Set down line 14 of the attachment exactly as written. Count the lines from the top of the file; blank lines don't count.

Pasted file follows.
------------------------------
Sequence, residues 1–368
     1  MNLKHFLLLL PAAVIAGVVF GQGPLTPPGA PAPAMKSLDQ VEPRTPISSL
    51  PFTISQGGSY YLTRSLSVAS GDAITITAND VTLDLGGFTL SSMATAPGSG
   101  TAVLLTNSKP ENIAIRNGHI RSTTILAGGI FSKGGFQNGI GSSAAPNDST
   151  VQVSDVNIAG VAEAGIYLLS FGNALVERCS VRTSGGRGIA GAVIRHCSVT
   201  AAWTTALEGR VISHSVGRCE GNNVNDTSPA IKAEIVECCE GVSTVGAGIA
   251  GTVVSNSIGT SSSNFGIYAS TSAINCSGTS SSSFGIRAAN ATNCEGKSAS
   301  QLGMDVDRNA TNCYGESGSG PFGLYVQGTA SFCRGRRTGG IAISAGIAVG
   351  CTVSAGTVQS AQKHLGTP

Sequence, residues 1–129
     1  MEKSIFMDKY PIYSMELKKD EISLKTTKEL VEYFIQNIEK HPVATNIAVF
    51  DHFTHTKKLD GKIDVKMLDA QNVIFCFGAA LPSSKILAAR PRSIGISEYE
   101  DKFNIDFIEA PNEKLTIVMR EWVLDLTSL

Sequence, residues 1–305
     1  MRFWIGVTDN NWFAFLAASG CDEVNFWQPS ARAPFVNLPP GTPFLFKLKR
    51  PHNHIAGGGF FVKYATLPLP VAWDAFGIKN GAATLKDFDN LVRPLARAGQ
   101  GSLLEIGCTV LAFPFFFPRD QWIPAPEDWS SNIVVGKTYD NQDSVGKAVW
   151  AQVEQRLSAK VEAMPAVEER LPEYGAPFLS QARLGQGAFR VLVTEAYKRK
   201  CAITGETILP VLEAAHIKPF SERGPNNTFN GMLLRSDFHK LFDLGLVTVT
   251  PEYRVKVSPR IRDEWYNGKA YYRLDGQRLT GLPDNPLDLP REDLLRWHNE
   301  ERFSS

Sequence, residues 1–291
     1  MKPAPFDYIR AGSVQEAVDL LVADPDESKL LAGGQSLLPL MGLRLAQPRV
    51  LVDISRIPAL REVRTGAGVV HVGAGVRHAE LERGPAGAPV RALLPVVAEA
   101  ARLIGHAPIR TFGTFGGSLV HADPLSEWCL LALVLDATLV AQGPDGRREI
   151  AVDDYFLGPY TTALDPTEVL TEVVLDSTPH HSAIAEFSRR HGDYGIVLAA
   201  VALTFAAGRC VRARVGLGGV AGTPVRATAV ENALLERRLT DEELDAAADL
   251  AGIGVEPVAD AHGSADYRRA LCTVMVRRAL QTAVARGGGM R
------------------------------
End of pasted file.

Sequence, residues 1–305